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Office space, retail vacancies, and seismic upgrades: the 2020 Curbed SF voter guide

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A cheat sheet for residents casting votes in the March 3 primary election

Illustrations by Alyssa Nassner

The first of two big election days is almost here with the California Primary election looming on Tuesday, March 3, and early voting already ongoing for weeks.

Although most eyes are fixed on the ongoing Democratic presidential primary battle, locally there is, as usual, plenty of crucial housing, transit, and infrastructure issues on the ballot.

San Francisco

Proposition B

Proposition B will take out over $628 million in bonds for seismic upgrades to emergency facilities in San Francisco in preparation for a major earthquake, including most critically retrofitting the city’s emergency water supply for firefighting efforts in the aftermath.

Learn all about how this proposition is trying to prepare the city for the big one .

Proposition D

Proposition D will level fines (up to $1,000 per linear foot) on retail outlets that sit empty for too long, in hopes of spurring landlords to be more aggressive courting potential tenants and fill up those unsightly vacant storefronts in key commercial corridors.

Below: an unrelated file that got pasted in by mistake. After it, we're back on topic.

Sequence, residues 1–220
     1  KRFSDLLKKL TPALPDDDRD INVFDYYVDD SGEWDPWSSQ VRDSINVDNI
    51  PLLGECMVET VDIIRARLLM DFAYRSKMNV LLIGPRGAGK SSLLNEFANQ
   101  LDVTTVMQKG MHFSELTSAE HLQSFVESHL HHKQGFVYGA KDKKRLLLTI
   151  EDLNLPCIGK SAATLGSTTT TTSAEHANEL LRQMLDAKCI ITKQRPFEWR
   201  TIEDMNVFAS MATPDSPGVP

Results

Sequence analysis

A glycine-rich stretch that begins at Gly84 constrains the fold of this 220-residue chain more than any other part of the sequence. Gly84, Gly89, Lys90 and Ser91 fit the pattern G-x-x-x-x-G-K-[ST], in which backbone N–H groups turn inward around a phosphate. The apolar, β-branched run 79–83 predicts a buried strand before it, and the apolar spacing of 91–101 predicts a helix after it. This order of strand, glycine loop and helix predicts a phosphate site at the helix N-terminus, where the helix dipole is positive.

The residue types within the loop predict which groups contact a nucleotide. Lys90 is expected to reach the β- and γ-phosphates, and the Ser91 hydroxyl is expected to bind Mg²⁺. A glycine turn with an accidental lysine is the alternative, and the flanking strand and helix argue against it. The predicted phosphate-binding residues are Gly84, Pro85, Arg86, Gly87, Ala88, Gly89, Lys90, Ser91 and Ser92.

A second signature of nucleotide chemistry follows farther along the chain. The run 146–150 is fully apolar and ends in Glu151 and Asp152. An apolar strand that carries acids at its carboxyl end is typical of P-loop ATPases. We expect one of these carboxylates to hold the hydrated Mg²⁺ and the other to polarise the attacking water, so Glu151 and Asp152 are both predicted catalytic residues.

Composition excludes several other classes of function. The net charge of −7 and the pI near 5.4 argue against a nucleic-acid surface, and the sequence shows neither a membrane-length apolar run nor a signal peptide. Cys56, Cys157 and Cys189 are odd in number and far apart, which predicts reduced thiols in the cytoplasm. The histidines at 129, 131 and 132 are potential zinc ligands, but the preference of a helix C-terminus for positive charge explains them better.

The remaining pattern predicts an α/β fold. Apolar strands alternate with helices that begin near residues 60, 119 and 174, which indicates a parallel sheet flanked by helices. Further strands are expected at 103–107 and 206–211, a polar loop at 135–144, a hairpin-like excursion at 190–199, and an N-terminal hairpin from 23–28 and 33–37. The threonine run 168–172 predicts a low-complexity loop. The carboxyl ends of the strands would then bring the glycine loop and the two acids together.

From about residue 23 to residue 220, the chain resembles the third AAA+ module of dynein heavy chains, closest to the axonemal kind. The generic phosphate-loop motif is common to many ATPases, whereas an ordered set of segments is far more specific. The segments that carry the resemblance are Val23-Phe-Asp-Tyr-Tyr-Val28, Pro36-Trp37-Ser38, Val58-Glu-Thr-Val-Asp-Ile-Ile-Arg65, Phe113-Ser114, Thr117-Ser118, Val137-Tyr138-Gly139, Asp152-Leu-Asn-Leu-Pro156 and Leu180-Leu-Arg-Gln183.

Learn all about how this proposition is trying to fix blighted retail vacancies in your neighborhood .

Proposition E

Proposition E will force the city to limit how much new office space it can permit each year for as long as the city continues to fail meeting its affordable housing goals—a pointed prospect, since SF essentially never actually achieves those housing benchmarks.

Learn all about how this proposition is trying to resolve the jobs/homes imbalance .


Proposition 13

Not to be confused with that other Proposition 13, this bond would borrow $15 billion to fix up California public schools and colleges, modernizing campuses, seismically reinforcing buildings, and removing health risks like lead paint and asbestos.

Learn all about Proposition 13—who’s behind it and who’s against it.